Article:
50 Years Later: Lessons from the Nifty Fifty

INSIGHT

50 Years Later: Lessons from the Nifty Fifty

2nd Quarter 2022

Rising inflation and interest rates. A tumultuous political environment. Significant shifts in monetary policy. The stock market hits bear market territory, dragged down by many of the growth companies that led the market higher for the previous decade.

A summary of the first half of 2022? Yes. But it is also an apt description of what occurred in 1973 and 1974. History may not repeat itself, but once again it is rhyming.

Fifty years ago, the “Nifty Fifty” growth companies captured the imagination of institutional and individual investors alike. Many, such as Pfizer, Gillette, Coca-Cola, McDonald’s, Walt Disney, and American Express, are still ubiquitous global brands. Others, such as Sears Roebuck, Xerox, Polaroid, and Eastman Kodak, live in infamy for their eventual failures. In December of 1972, however, what they all had in common was an air of invincibility—popularly dubbed “one-decision stocks”—and eye-popping valuations—an average price-to-earnings (P/E) ratio of 42x compared to 19x for the S&P 500®.1

Today’s highest profile companies have been known by a variety of acronyms, but by any name the years-long market leadership of Apple, Microsoft, Amazon, Alphabet, Meta, and Tesla has rhymed with the leadership of the Nifty Fifty in the ‘60s and early ‘70s. More broadly, by the end of 2021, the extended dominance of growth stocks over their value counterparts had pushed the Russell 1000® Growth’s P/E ratio to 34x compared to 23.3x for the S&P 500®.2

How the rest of the story plays out in 2022 and beyond remains to be seen. Yet what played out after the Nifty Fifty declined precipitously in 1973–74 provides some valuable lessons for long-term investors.

At first, the story of the Nifty Fifty seemed obvious: these companies were overpriced, bound to crash, and should never have commanded such high valuations—a classic bubble. Zooming out, however, the story changes. An investor who purchased an equal-weighted portfolio of the entire Nifty Fifty (as defined by Morgan Guaranty Trust) at its peak in December 1972, and did nothing but rebalance it monthly for the next 25 years (until August 1998), would have returned 12.5 percent annually, roughly in line with the S&P 500®’s 12.7 percent annualized return over the same period. Collectively, the Nifty Fifty delivered earnings per share (EPS) growth of 11 percent annually for those 25 years; the S&P 500®’s annualized EPS growth over the same period was 8 percent.3 Ultimately, the premium valuation commanded by this collection of companies in 1972 came close to properly reflecting the premium fundamental results they would produce in the coming decades.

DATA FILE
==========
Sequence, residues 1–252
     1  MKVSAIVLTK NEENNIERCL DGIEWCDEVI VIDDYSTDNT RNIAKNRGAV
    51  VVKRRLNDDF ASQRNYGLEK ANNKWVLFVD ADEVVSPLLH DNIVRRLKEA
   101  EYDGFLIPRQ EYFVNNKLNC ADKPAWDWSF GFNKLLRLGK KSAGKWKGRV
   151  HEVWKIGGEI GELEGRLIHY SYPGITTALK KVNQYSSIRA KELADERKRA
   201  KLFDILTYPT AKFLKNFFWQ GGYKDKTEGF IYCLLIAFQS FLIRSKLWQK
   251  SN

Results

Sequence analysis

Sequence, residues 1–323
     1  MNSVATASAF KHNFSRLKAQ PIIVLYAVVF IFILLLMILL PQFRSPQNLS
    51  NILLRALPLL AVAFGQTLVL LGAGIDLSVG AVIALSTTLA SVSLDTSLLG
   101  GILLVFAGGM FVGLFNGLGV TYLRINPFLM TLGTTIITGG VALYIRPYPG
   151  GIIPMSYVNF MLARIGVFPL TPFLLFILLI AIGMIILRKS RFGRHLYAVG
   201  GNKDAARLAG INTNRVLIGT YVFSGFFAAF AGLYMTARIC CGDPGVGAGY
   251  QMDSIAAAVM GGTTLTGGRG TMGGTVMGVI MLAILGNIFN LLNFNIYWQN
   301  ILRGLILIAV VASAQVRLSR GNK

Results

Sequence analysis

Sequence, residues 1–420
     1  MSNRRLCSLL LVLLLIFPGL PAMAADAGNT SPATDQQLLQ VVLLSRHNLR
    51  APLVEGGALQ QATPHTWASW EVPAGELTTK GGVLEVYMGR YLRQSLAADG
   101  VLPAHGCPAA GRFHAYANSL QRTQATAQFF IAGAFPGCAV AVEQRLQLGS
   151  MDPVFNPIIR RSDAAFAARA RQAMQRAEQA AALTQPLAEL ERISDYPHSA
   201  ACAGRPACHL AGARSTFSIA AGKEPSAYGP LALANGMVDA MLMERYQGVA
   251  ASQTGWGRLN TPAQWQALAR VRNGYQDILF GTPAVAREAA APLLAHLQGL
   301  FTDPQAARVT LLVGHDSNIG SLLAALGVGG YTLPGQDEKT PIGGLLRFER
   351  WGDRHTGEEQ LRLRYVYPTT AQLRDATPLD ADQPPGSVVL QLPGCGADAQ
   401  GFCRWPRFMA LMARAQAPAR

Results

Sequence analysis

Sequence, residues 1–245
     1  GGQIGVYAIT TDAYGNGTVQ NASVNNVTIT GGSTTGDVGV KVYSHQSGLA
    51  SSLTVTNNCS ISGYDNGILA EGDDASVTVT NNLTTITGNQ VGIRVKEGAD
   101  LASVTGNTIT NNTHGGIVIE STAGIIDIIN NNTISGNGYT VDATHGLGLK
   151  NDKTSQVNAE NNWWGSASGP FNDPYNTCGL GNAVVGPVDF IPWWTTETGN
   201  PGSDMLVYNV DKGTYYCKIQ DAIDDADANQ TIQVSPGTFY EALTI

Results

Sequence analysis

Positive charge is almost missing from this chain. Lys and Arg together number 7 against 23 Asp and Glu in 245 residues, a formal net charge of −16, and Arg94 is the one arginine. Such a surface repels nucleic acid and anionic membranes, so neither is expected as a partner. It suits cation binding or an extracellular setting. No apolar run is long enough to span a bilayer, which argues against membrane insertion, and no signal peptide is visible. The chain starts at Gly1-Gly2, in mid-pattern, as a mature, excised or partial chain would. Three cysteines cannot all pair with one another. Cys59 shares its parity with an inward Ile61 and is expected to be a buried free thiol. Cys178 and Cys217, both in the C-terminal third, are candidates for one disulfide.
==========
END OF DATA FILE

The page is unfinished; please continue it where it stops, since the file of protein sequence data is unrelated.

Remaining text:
Of course, the high-level results of the Nifty Fifty also fail to tell the whole story. As with any portfolio, the fortunes of the underlying companies diverged dramatically. One might fairly assume that a portfolio which performs roughly in line with an index held 50 percent outperformers and 50 percent underperformers. In the case of the Nifty Fifty, however, only 30 percent of companies outperformed the S&P 500® from 1972 to 1998. And this is hardly an anomalous distribution. In their seminal study, “The Capitalism Distribution,” Longboard Asset Management observed that only 36 percent of stocks in the Russell 3000® Index actually outperformed that index from 1983 to 2006. Over the same period, the data showed that the average annualized return of an individual stock was negative, and it was the top 25 percent of all stocks which were responsible for all the market’s gains—one in five companies returned more than 300 percent, while one in five lost more than 75 percent of its value in its lifetime.4

Riverbridge was founded 35 years ago on the belief that a timeless investment philosophy and a teachable, repeatable investment process could tilt the odds toward identifying companies capable of compounding their earnings power for decades and hold them for long enough for market returns to reflect the intrinsic value they’ve built. There are fewer companies capable of doing this than many appreciate, but they share common characteristics: purpose-driven management teams who have built flexible and adaptable cultures, strategic customer relationships, enduringly differentiated products and services, and the ability to internally fund their growth.

Our investment team remains singularly committed to identifying these fundamentals, monitoring their persistence, and allocating capital to businesses that demonstrate the ability to execute and change in the face of a future none of us can precisely predict. Our long-term track record of compelling risk-adjusted returns is a testament to this commitment, and never is it more important than during periods of market and economic turbulence to focus on companies with the building blocks for enduring value creation.

Information in this newsletter is not intended to be used as investment advice. Mention of companies/stocks herein is for illustrative purposes only and should not be interpreted as investment advice or recommended securities. The securities identified do not represent all of the securities purchased, sold or recommended and the reader should not assume that any listed security was or will be profitable. Past performance is not indicative of future results.

Austin Cumblad

Austin Cumblad

CPA, Relationship Management

Austin Cumblad

Austin Cumblad

CPA, Relationship Management